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Tupac Shakur touring exhibition opens in January
In this file photo Alicia Keys performs during the induction of Tupac Shakur at the 32nd Annual Rock And Roll Hall of Fame Induction Ceremony at the Barclays Center in Brooklyn, April 7, 2017. Chad Batka/The New York Times.

by Sophie Haigney



NEW YORK, NY.- A major touring exhibition centered on Tupac Shakur and spearheaded by his estate will arrive in Los Angeles in January.

The exhibition, “Tupac Shakur. Wake Me When I’m Free,” opens on Jan. 21, in a newly built, temporary 20,000-square-foot space in the entertainment complex L.A. Live in downtown Los Angeles.

Shakur, a hip-hop artist, poet, actor and activist who released his first album in 1991 and went on to become one of the top-selling rappers in the 1990s, was killed in Las Vegas in 1996, at age 25. The case was never solved. He also acted in films including John Singleton’s “Poetic Justice,” in which he starred opposite Janet Jackson. In the decades since his death, he has inspired dozens of albums, books, movies, theater productions and even a hologram. In 2017, he was inducted into the Rock & Roll Hall of Fame.

The exhibition, named after a Shakur poem included on the album “The Rose That Grew From Concrete, Volume 1” in 2000, features artifacts, contemporary art, music and multisensory elements in telling the story of Shakur’s life.

“It became evident very quickly that this was way bigger than his music,” Arron Saxe, one of the exhibition’s co-producers, said in a phone interview Monday. “You can’t talk about Tupac without talking about Afeni, his mother, and you can’t talk about Afeni without talking about her involvement in the Panther Party, and you’re then talking about the connections with the Civil Rights movement.”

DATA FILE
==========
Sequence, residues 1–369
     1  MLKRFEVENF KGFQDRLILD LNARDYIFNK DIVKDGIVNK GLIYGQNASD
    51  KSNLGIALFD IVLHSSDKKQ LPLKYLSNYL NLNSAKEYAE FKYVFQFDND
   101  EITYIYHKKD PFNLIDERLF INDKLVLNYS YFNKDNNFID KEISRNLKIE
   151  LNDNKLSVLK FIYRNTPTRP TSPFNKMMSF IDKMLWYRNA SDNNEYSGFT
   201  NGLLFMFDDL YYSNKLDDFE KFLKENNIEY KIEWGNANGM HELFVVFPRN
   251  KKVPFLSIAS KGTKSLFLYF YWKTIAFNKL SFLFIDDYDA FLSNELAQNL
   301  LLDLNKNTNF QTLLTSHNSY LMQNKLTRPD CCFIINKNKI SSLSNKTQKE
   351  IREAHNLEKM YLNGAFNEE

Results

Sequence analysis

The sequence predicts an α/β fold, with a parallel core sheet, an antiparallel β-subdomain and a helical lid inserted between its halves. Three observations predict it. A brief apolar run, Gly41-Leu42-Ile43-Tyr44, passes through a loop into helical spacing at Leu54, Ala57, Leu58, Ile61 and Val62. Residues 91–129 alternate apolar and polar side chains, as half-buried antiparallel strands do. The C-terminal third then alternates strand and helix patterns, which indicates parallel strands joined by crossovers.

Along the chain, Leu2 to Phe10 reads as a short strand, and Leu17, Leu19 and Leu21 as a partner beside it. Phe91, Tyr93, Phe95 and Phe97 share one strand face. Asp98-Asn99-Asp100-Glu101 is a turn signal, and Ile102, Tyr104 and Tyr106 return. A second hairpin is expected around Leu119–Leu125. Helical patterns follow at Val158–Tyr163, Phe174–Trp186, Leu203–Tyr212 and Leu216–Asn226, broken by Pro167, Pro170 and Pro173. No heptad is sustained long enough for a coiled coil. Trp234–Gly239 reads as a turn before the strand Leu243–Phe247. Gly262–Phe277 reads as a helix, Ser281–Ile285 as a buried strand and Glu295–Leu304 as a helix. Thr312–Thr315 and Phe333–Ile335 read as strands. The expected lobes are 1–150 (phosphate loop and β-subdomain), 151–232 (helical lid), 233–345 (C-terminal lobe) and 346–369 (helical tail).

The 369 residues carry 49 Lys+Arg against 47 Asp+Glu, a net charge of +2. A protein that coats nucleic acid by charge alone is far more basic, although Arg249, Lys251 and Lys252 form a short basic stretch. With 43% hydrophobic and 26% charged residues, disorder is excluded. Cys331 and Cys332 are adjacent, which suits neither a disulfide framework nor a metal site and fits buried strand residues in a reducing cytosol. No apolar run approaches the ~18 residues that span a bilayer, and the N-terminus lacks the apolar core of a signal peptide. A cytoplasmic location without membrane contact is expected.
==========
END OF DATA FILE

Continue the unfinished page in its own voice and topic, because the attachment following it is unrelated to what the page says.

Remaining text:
It’s “a story about race in America using Tupac as a proxy,” he added.

Shakur’s estate worked for more than six years and has a number of partners, among them Nwaka Onwusa, the chief curator at the Rock & Roll Hall of Fame, and Jeremy Hodges, the show’s creative director and founder of Project Art Collective. Shakur’s activism and his music will be highlighted, Saxe said. Part of the exhibition’s aim, he said, will be to demystify the legend.

“There will be notebooks, song lyrics, poetry and also everyday stuff like shopping lists, and phone numbers on pieces of paper,” Saxe said. Humanizing him is a focus “because he and a lot of these other figures are mythical, larger than life.”

After about six months, the exhibition will travel to other cities in the United States and internationally.

This article originally appeared in The New York Times.










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